How does moving along to music influence its later recognition?


Journal Article


Peckel, M., Bigand, E.




How does moving along to music influence its later recognition?

Journal / book / conference

Année Psychologique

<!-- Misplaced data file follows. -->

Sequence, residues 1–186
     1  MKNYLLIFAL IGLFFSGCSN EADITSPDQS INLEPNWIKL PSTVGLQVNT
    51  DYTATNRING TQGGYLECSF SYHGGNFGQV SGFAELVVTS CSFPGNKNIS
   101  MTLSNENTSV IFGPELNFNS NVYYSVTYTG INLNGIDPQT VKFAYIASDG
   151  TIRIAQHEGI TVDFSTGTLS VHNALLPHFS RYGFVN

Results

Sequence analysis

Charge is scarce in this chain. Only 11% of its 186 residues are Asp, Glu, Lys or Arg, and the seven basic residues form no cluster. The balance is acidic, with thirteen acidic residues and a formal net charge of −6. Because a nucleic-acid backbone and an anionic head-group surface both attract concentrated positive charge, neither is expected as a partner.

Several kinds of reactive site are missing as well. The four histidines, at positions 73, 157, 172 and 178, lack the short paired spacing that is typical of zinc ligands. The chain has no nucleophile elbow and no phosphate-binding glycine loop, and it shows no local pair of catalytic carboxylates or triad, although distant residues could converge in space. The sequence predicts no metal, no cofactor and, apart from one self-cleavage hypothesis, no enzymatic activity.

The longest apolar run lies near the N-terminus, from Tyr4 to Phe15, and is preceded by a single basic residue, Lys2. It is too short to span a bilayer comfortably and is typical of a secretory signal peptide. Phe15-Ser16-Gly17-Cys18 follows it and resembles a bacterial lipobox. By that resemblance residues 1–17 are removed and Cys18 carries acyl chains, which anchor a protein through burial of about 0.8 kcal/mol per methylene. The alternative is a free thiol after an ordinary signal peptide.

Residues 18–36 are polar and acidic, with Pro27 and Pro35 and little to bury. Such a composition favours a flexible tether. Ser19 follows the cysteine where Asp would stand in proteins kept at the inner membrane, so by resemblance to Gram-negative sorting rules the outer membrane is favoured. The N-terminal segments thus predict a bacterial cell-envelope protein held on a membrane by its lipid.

The present study addressed whether moving along to music can enhance its later recognition. According to the notion of musical affordances, participants should be able to move along to music without any previous knowledge of it. Furthermore, the literature on embodied music cognition and musical affordances suggest that perception of music is strongly linked to the action schemata associated with it. Accordingly, when hearing a song, movement patterns that are associated with it should be accessed and act as a memory cue. Participants were either requested to move along to music (Dancing), to imitate playing an "air instrument" (Mime) or simply to listen to the musical excerpts (Listening). Results showed that participants in the Listening condition performed better than participants in the dancing and mime conditions. The performances in the Dancing and Mime conditions did not differ. Our results suggest that these participants were able to move along with music but did not create a multimodal representation of the learning event. We argue that these participants processed music in a shallower and more perceptual fashion than listeners. Our results are discussed in terms of involvement in the motor task and depth of processing related to the expression of musical affordances.







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